Always buy good quality orchid bark, do not be tempted to purchase poor quality bark because it is cheap. Just because it is labelled “Orchid Mix” does not necessarily mean it is of good quality. Purchase your bark from a vendor that specialises in the growing of orchids.
Orchid plants generally respond well to being repotted in a fresh mix. Do not leave the plant in the same bark for any longer than 2 years. It will break down and turn into slush without you knowing. This will rot the root system and kill the plant. Soak your fresh mix in water with a little seaweed extract added before using it to repot your plants. If the roots have not been growing add Chlortan 720 to the water as well. Chlortan 720 is a great fungicide that kills the fungus that can affect root production.
Do not over water the plant as this will also rot the root system and kill the plant. Most orchids like to dry out between watering with a further reduction in watering during their dormant period.
FERTILSING AND PEST CONTROL
Times are changing and we can now grow healthy plants with eco friendly products while minimising the use of chemically based products. The biggest change is the use of products that contain beneficial bacteria. Mycorrhizae and other beneficial fungi penetrate the roots of most plants in nature. In mediums where organic fertilizers are used, the beneficial fungi can act to enhance nutrient uptake, and to break down (via enzymatic secretions from the fungi) organic matter into essential minerals useable by plants.
Root extender is one of the products that contain beneficial fungi. Use Root Extender when repotting, it is a natural product containing blended mycorrhiza and other beneficial live fungal spores. They encourage root development and a larger root network providing increased moisture and nutrient access to plants.
Establish a balanced fertiliser program. Always read the NPK ratio when purchasing fertilisers. Use liquid fertilisers on a weekly basis at half the strength of the manufacturer’s recommendations. All fertilisers have 3 numbers printed on their labels. For example, you might see 20-10-10 or 10-10-10. The numbers represent the percentages of nitrogen, phosphorus and potassium respectively. These three nutrients are the most prominent on the label because they are needed in larger quantity by your plants. Different growers have their own preference of fertiliser with different ratios of these nutrients. A higher nitrogen content such as Peter’s Allrounder (20-9-17) will encourage growth, only use it at the times the plant is putting up new shoots it will increase the strength of the cell walls.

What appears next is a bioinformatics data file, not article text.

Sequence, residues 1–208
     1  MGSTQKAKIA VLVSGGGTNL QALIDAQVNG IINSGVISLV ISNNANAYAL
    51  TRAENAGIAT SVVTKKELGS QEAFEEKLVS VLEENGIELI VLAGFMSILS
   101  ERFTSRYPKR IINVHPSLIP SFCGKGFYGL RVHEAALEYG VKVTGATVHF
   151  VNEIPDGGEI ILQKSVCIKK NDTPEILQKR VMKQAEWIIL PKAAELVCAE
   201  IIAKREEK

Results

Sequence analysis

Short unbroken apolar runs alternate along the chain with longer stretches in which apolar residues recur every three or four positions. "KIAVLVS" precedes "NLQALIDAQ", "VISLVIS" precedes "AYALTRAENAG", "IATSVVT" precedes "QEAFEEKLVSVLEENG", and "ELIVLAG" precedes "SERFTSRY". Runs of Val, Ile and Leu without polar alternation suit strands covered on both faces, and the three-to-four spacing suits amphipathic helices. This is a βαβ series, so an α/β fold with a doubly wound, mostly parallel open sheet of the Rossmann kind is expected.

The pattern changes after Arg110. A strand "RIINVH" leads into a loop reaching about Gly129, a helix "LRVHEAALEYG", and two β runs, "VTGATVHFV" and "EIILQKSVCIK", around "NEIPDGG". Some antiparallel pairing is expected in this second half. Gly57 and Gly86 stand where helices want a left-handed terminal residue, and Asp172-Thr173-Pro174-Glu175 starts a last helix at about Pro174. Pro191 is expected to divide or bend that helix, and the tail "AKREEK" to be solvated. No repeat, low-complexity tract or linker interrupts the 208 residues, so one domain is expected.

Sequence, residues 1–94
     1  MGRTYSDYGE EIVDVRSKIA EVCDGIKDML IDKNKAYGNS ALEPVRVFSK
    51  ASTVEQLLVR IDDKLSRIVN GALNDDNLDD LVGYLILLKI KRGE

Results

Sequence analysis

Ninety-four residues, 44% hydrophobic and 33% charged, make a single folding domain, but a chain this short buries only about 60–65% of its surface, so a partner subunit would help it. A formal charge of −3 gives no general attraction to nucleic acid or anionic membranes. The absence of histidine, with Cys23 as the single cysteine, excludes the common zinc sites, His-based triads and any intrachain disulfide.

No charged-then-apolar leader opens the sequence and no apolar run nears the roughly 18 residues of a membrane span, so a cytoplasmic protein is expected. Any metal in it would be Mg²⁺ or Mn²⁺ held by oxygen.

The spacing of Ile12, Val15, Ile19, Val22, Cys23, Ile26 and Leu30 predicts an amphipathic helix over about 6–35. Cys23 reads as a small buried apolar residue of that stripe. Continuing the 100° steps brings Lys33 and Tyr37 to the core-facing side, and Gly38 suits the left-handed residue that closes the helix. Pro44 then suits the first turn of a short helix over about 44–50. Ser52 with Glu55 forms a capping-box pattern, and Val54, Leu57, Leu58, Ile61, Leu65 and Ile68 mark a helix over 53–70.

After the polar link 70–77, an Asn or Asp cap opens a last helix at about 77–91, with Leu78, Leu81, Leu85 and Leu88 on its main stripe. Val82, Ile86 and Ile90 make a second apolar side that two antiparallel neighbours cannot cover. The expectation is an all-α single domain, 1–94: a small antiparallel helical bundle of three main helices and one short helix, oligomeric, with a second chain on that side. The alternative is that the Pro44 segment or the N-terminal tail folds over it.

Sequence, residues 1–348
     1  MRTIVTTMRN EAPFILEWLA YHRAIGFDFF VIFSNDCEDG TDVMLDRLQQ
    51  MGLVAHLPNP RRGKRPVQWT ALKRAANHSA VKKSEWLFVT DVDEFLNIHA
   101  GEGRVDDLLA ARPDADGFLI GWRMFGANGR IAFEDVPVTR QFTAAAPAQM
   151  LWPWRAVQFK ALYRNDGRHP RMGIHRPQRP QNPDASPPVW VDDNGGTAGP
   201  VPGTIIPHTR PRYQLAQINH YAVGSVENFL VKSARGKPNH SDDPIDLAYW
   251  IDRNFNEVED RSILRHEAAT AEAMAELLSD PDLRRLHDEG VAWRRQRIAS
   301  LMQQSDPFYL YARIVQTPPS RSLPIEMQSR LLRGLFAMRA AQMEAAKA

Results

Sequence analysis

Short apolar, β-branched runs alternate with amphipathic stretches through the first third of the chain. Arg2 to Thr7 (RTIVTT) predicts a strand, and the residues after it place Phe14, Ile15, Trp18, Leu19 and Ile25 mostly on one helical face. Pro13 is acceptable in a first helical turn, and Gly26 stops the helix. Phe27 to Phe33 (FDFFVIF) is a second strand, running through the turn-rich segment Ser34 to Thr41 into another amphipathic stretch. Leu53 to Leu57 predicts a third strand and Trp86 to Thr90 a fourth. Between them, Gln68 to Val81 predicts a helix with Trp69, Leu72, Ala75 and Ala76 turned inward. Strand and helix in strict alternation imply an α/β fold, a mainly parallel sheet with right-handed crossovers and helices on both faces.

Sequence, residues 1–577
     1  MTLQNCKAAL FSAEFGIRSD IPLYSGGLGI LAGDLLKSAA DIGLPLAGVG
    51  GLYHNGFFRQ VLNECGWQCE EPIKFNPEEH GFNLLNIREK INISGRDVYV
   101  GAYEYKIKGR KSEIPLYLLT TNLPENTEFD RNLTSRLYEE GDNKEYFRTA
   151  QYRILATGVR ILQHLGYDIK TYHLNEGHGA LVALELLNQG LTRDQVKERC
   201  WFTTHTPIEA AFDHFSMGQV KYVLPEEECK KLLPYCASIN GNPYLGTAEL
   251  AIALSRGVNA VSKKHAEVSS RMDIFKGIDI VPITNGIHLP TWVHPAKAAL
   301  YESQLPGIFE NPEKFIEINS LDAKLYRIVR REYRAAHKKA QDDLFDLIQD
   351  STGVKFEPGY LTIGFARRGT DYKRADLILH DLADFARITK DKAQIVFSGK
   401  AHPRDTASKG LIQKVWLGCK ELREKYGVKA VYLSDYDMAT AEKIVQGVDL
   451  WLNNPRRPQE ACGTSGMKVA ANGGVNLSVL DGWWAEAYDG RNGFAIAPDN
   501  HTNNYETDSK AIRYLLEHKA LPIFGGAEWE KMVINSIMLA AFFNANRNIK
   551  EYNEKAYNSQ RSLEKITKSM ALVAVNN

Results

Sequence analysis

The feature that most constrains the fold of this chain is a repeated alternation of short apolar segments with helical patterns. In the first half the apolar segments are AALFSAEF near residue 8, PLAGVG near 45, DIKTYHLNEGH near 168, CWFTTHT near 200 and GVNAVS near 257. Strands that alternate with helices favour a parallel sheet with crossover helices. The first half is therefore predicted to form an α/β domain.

The regular use of Neem is a good part of the program for growing rich, green, healthy plants that are pest and disease resistant. Registered and used overseas as a broad band insecticide. Add 5mls per litre to your fertiliser on a fortnightly basis.
If additional insect control is required use Sharp Shooter Bug and Insect products, or try Spectrum 200SC Insecticide. Both contain Imidacloprid which effectively controls scale, aphids, thrips, whitefly, sap sucking bugs, mealy bug, lace bug, mirids, hibiscus flower beetle and other pests.
Wetting agents or surfactants lower or reduce the surface tension between two liquids. It also lowers the tension between a solid and a liquid matter. They act as emulsifiers, dispersants, detergents, and water infiltration agents. In short, soil wetting agents or surface-active agents (surfactants) help get the most benefit from the garden products you spend your hard-earned dollars on. For example, using a wetting agent can help liquid insecticide products adhere to or “wet” your plants’ foliage rather than simply beading up and dripping off.
Benefits from regular use of these products include rich, green, healthy appearance, healthy and vigorous growth, increased flower strength and strengthened cell walls. Strong cell walls play a key role in resisting insect and fungal attack.
Orchid leaves are one of the first places that a problem with roots will appear, the leaves are floppy or shrivelled. If you notice this, pop the orchid out of the pot and look at the roots. Look for insects, grubs etc. if the roots are dry and brittle then the plant has been under watered. If the roots are mushy then it has been over watered. By using the correct orchid mix for that particular orchid’s watering needs you can minimise these problems.